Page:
Dichtung und Wahrheit

My memories were vague and even the rare moments that I could bring to mind seemed uncertain. They were dreamlike certainties, not more real than any memory perhaps, but I could not even be certain of my own. There was nothing to establish beyond doubt that the bike, which I had found laying in the front yard of the villa was mine. There was no indication how it had gotten there, if it was mine. I had been cycling through Limbricht on my way home around 3 in the morning one moment. The other moment I was walking through the grain fields toward Guttecoven.
There was no reason to know that the bike, which I saw standing upside down on the little field of grass, which I used to sharpen the dried clumps of clay into diamond shaped forms by pressing them against the spinning rubber of the rear wheel, was mine.
What was real, what was a distortion, what was false? What was ‘Dichtung’ and what was ‘Wahrheit’ in my life?

Not that it mattered of course, rationally, when I thought about it. The force of the impression remained as strong, regardless of the source. But still, there remained this original desire for authenticity. I believed it to matter in some way. Was the bicycle red? Green perhaps? I tried to bring back to life the colors. Against the black background of my inner eye lids, brightened by orange white flashes of light penetrating my eye’s cones and rods. It did not help, but red seemed more probable for a child’s bike. But maybe already as a child that would make it more likely for me having chosen the green bike.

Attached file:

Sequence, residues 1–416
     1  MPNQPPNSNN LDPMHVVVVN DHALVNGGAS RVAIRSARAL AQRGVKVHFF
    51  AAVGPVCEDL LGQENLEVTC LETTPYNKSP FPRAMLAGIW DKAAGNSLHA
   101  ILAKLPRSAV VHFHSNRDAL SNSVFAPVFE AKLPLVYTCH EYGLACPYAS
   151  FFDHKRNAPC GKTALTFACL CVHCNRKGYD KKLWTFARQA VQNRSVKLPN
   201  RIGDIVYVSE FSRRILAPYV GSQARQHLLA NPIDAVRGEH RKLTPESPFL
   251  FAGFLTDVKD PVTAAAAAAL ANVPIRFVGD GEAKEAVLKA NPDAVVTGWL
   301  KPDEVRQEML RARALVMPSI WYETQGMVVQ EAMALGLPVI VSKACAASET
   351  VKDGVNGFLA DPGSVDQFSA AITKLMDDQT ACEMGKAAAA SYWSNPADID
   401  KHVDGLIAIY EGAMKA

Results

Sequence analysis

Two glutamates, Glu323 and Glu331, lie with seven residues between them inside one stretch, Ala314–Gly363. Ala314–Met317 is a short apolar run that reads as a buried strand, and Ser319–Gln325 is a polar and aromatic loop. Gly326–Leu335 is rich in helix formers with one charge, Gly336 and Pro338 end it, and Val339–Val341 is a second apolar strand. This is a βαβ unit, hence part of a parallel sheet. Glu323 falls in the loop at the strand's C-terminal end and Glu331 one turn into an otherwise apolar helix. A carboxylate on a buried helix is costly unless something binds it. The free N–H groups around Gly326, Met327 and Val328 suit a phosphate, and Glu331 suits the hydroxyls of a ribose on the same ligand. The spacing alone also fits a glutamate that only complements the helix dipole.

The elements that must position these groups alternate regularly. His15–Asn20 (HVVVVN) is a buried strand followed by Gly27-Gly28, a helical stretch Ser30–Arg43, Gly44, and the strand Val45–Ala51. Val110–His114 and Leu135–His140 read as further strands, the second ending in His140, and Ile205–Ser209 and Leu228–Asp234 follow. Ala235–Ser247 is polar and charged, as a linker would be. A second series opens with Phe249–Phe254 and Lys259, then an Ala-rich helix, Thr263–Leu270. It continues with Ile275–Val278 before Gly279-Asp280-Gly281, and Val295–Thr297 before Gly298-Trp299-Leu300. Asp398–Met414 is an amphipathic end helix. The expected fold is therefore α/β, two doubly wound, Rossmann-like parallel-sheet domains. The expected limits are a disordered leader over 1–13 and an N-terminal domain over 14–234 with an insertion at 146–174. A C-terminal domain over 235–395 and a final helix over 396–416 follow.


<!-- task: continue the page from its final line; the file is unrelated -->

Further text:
As a child I had always felt different from other children already. I was a special child, unlike everyone else, there was something special about me. In third grade my teacher said my name meant ‘being famous’, although I later found out that it meant ‘black raven’ instead, but at the time i wholeheartedly believed in this proclamation of fate, a destiny that seemed obvious to. In another memory from fourth grade, my teacher Truus had mica black, long curly hair, or perhaps it had been short and wavy. I couldn’t determine if she was wearing glasses or not. She called me before class, took my hand and guided me to the open door separating our classroom from the sixth grade classroom, which she was overseeing in the ebsence of their teacher. The children, two years my seniors, were doing calculations. I was asked to finish the sum on the black board, which I did, before under the noise of a giggling class, was sent back to my desk. My brother who went to sixth grade later told me I was called in to show one of their pupils who didnt get the sum’s solution that even a fourth grader understood it. Although I now think the incident was a cruel example of an incompetent Catholic pedagogic system, at the time given the limitation of a child’s mind, I felt proud.

As an adolescent, I understood that being special was simply the effect of being loved by one’s parents as a child, but the feeling was imprinted and remained as evident as before, and proof of being special as before.

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